The Amphipods of the Pacific Northwest
Amphipoda is an order of crustaceans with no carapace and laterally compressed bodies. Amphipods range in size from 1 to over 300 mm and are for the most part, scavengers. There are more than 9,000 amphipod species so far described. They are mostly saltwater dwellers but can found in freshwater environments, with some 1900 species found there, the order also includes the beach hoppers such as talitrus saltator.
The body of an amphipod is divided into 3 segments, head, thorax and abdomen. The head is joined to the thorax and has two pairs of antennae along with one pair of compound eyes. The thorax and abdomen are usually quite distinct and bear different kinds of legs, they are typically laterally compressed, and there is no carapace. The thorax bears eight pairs of appendages, the first of which are used as accessory mouth parts, the next four pairs are directed forwards, and the last three pairs are directed backwards. The abdomen is divided into two parts, one with swimming legs and the other with back legs for jumping.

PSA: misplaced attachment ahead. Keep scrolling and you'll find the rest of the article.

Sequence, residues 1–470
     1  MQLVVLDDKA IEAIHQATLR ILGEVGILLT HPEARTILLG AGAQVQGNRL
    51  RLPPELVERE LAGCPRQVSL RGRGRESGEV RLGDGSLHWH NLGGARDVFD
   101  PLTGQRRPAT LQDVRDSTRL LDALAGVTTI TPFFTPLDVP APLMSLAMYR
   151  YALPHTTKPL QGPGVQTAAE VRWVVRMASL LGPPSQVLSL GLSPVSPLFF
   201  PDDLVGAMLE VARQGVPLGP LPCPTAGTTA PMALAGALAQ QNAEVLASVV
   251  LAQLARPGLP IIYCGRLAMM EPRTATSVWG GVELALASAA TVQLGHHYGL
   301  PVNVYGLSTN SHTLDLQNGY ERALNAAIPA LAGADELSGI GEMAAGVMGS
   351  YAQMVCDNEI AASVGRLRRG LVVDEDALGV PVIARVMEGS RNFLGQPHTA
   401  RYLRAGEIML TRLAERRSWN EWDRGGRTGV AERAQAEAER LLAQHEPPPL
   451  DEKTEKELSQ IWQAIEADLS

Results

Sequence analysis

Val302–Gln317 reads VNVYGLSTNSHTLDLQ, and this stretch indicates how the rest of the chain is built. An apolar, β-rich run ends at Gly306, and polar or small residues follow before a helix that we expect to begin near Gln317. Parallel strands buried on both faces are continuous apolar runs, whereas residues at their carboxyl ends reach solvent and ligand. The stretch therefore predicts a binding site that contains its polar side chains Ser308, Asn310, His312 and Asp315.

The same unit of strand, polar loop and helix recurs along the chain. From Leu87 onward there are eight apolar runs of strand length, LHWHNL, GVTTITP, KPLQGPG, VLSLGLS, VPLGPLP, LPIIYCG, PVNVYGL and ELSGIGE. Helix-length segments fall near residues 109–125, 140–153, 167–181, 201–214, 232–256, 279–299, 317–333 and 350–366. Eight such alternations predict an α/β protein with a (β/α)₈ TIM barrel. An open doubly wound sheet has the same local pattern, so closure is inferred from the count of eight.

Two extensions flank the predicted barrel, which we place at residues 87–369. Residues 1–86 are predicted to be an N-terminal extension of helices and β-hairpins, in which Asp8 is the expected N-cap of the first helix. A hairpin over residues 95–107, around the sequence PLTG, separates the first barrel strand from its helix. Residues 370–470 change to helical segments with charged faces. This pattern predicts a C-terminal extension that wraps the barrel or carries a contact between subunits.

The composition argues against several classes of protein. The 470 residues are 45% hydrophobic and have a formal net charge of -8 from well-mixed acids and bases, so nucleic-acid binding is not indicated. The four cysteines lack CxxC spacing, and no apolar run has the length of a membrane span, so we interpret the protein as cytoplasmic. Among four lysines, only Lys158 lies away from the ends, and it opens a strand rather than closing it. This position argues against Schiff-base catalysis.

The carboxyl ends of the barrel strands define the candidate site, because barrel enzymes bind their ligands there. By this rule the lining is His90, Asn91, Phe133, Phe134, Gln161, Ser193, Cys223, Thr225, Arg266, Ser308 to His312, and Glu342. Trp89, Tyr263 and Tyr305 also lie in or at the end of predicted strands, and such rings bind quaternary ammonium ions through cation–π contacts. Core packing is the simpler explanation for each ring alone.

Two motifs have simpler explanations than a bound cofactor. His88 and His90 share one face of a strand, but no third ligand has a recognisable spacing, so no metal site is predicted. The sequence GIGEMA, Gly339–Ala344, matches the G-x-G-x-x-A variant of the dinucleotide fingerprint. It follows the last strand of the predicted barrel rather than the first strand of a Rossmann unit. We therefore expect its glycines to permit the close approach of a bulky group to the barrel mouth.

Mature females bear a brood pouch, which holds her eggs, where the male will fertilize them. They stay in this pouch until they are ready to hatch. As a female ages, she produces more eggs in each brood. The eggs will hatch directly into a juvenile form and sexual maturity is reached in about six months.
Some Amphipods can get to be pretty big, the one on this page were photographed by Bud up at San Josef Bay, on Northwest Vancouver Island. It was about 2 cm long, quite big for an amphipod for sure. I have seen some on the west coast that have been even larger. This one was called a beach hopper and they are very common on the west coast shores of Northern Vancouver Island. They can also be seen on the east coast of the island, although smaller in size and not very common, I was walking along a beach with my daughter in-law up in Sayward and she spotted one.